Chapter 7: Baltimore jail, and After.—1830.Ransomed by Arthur Tappan, Garrison abandons Baltimore, and journeys to Boston, lecturing on abolition by the way. He issues a prospectus for an anti-slavery journal to be published in Washington, but perceives that the North first needs conversion. A lecture in Julien Hall secures him the necessary friends, and he forms a partnership with Isaac Knapp to publish the Liberator in Boston.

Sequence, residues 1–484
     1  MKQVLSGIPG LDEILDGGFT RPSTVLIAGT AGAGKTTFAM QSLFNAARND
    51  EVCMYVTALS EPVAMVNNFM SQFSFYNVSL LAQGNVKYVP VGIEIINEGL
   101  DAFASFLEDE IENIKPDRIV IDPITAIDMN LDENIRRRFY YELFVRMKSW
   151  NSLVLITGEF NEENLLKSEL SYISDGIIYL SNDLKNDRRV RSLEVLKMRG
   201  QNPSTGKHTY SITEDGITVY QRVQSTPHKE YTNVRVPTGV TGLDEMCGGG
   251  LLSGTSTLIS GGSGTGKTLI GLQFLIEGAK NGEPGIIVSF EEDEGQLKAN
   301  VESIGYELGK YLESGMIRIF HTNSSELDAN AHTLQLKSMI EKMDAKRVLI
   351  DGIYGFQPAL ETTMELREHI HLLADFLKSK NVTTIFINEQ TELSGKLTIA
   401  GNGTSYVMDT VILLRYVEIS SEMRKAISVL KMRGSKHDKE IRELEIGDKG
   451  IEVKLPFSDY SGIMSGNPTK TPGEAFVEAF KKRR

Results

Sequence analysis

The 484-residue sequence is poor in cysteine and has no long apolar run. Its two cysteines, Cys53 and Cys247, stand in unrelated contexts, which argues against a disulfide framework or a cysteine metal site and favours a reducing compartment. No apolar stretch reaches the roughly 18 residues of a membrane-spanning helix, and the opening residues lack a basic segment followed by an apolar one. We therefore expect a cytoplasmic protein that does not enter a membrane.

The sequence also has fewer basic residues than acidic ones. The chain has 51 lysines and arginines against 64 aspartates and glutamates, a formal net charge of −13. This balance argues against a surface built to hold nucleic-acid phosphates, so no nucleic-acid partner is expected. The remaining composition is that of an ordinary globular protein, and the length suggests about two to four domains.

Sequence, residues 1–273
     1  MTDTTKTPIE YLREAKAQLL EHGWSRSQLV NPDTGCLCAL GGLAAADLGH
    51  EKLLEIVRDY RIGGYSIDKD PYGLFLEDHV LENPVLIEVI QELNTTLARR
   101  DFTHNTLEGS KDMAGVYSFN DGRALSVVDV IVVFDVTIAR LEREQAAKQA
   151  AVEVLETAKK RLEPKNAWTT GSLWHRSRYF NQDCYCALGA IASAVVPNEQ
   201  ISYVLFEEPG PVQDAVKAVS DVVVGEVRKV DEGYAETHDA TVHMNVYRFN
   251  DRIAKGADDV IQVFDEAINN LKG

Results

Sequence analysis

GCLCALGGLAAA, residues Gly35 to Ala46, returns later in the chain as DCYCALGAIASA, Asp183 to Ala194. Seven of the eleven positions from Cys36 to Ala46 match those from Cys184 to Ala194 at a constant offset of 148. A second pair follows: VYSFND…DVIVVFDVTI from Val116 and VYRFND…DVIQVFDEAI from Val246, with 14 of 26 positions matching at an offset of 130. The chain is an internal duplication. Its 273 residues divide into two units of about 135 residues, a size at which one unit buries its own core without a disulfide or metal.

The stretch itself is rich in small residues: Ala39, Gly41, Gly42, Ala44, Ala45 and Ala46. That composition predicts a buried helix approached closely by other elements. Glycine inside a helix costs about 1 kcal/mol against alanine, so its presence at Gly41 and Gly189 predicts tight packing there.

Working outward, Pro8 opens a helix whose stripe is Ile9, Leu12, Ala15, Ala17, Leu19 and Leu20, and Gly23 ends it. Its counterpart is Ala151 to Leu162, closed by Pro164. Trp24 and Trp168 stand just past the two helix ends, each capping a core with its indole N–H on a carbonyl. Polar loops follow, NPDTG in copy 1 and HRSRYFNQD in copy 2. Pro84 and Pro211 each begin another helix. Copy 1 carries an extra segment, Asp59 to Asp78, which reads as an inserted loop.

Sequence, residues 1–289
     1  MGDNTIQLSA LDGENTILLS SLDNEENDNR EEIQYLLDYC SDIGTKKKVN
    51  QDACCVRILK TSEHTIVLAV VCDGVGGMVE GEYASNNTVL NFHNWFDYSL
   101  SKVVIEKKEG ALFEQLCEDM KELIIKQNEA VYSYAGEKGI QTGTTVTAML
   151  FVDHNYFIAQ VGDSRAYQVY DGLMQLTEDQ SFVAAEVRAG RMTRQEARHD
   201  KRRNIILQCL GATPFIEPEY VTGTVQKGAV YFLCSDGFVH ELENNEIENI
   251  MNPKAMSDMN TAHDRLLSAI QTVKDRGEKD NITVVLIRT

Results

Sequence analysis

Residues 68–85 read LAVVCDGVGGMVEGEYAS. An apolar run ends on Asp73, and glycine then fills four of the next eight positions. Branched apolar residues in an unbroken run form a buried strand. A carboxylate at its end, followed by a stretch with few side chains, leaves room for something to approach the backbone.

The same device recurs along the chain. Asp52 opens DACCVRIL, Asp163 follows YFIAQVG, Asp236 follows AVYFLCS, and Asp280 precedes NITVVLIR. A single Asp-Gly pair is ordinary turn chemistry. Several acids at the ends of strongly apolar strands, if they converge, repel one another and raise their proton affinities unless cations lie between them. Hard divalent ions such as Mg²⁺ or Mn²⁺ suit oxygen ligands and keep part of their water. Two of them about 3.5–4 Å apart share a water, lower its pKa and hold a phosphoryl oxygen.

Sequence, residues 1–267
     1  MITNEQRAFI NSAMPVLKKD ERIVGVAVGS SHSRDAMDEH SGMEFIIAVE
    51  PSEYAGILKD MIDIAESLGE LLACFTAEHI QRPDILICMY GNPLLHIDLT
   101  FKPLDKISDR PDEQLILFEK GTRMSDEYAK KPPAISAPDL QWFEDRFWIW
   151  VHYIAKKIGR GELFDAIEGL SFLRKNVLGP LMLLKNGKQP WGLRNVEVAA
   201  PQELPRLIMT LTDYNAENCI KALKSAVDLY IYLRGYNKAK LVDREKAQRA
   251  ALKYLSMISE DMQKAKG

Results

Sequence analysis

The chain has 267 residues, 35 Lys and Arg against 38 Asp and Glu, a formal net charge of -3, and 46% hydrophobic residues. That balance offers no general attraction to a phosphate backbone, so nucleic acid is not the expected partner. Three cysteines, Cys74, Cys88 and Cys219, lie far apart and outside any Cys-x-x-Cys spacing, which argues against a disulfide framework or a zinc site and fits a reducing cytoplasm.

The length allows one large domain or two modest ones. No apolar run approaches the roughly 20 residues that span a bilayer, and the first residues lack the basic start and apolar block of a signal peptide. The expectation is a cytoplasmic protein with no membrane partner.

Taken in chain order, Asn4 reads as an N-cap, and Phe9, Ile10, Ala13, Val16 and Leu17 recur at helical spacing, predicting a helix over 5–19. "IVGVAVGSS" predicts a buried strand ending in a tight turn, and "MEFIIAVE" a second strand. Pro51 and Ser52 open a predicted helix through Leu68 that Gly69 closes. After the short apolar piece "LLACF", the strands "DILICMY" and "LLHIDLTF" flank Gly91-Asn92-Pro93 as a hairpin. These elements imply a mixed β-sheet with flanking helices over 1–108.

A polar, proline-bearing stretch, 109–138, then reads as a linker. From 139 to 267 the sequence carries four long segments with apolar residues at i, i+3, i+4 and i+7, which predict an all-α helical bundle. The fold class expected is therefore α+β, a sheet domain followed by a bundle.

No man ever went to prison with a lighter heart or cleaner conscience than Garrison; and his slumbers, the first night, were as sweet and peaceful as if he had been in his old home by the Merrimac. His seven weeks in jail were neither idle nor unhappy weeks to him. He was courteously and kindly treated by the Warden (David W. Hudson), at whose family table he often took his meals. He was allowed considerable freedom within the walls, and made use of it to acquaint himself with some of his fellow-prisoners, visiting them in their cells, and being locked in with them, often, while he questioned them and showed a sympathetic interest in their cases. Sometimes they were permitted to come to his cell, and for certain men whom he thought especially deserving of consideration he drew up petitions and letters to the Governor, in their name, with the result of getting the sentences of several commuted.1 The high round window of Garrison's cell commanded a view of the street below, which he could see by standing on his bed; and on a certain Sunday afternoon, when a sudden shower fell and drenched the people just coming from church, he congratulated himself that he was in